Texas Dirt

When you move to Texas it’s good to know about the dirt.  It will save you lots of headaches when it comes to your foundation, your garden or your horses.

In a state with more than 1300 types of soils, each with a specific set of properties- it’s no wonder homeowners are confused about how to manage their soil that is suitable for plants, animals and their foundations.  Here in Texas we have blackland clay, sandy loam, sand, yellow clay, and alluvial soil just to name a few.  It’s best not to guess about your foundation soil.  Have it tested by Texas A&M AgriLife Extension program  http://soiltesting.tamu.edu.   Or, the Texas Plant and Soil Lab  http://texasplantandsoillab.com/soil-testing.asp

Soils even in residential yards will vary greatly.  I think I have 4 different types on soil in my own yard.  Be sure to do soil testing in your flower beds and vegetable garden areas and around the homes foundation.  The characteristics  and behavior of different soils can have a huge impact on the performance of your foundation.  The soil will expand when wet and contract when dry and and the clay soils are the worst.  I’ve seen cracks in the blackland soil you could lose a cat in when it gets dry.  By not keeping a moderate moisture at a constant level could cost you thousands in foundation repairs.

Watering the ground around your foundation to prevent uneven foundation settling is common here in Texas.  Watering should be consistent and moist but not wet.  How do you know if it’s too wet?  Turn over a shovel of dirt, if the top 2 or 3 inches is wet and the dirt below is dry then you are just right.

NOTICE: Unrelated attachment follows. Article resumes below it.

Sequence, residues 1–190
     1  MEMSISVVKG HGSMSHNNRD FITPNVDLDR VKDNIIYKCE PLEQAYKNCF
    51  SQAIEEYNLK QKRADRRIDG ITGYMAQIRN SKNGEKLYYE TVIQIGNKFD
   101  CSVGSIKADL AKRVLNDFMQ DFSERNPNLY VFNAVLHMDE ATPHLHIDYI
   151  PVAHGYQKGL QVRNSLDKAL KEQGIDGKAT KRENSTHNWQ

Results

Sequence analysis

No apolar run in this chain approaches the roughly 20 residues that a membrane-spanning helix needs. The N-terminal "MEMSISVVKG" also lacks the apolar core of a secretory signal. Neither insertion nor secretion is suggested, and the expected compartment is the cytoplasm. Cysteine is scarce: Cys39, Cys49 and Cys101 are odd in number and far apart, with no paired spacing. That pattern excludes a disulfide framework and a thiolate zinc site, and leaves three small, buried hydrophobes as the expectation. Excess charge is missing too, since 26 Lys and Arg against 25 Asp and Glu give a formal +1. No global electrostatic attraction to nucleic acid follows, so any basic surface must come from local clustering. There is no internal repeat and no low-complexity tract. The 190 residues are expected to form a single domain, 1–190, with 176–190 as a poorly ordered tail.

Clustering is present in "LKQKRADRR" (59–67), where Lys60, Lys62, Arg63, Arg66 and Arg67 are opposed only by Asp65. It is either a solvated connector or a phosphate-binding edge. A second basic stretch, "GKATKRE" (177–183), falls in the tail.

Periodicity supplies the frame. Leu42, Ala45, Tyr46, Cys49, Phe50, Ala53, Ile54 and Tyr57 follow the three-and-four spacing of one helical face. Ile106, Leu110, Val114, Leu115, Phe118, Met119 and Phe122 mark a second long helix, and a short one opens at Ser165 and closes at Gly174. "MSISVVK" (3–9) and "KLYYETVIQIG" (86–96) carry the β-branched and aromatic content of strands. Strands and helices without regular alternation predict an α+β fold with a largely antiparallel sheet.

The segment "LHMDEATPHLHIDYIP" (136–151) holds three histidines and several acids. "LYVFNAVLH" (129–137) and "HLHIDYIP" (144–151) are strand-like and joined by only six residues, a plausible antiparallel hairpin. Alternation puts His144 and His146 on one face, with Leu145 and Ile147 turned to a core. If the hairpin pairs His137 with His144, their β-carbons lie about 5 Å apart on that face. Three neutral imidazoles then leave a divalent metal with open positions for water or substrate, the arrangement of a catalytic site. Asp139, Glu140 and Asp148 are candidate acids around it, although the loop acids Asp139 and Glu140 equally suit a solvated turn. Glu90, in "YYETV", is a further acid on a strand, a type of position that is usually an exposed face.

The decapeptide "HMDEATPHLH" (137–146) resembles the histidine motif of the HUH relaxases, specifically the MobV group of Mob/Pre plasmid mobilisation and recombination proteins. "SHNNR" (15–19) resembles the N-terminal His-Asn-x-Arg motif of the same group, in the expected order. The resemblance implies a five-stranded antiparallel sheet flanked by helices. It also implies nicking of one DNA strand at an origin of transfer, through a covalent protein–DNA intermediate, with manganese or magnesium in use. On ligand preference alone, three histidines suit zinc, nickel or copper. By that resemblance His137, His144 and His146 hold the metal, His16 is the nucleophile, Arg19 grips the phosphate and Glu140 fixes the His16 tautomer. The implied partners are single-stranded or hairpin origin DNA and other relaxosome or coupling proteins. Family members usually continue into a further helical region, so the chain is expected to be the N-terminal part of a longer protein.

Plant placement is also important to your foundation.  Keep most plants about 5 feet or more away from the foundation.  Proper drainage is also very important.  Lots of homes come with no gutters but gutters are really important part of foundation maintenance.  They help keep a consistent moisture level during the rains.

When it comes to your gardens, you won’t get good production unless your plants get the correct nutrients.  So soil testing is vital.  Also stressed plants attract bugs.  I don’t like bugs!

Now for the horse people.  Look for properties that have sandy loam, period.  The blackland prairie is very hard on the horses feet.  Their feet get packed with the clay and usually pick up small rocks that cause abscesses and that is not good.  If you want a nice vet bill buy some blackland property for your horses otherwise buy some sandy loam property with nice big Oak and Pecan trees.